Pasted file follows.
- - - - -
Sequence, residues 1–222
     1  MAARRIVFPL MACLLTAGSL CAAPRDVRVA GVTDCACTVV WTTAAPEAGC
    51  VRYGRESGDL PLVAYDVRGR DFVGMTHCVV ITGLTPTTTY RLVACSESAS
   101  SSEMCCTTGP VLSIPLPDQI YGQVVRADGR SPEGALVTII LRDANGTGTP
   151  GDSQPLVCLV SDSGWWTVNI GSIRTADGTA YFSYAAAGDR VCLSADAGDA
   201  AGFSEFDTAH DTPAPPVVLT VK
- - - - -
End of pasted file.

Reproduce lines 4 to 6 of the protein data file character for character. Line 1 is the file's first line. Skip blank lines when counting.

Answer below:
   101  SSEMCCTTGP VLSIPLPDQI YGQVVRADGR SPEGALVTII LRDANGTGTP
   151  GDSQPLVCLV SDSGWWTVNI GSIRTADGTA YFSYAAAGDR VCLSADAGDA
   201  AGFSEFDTAH DTPAPPVVLT VK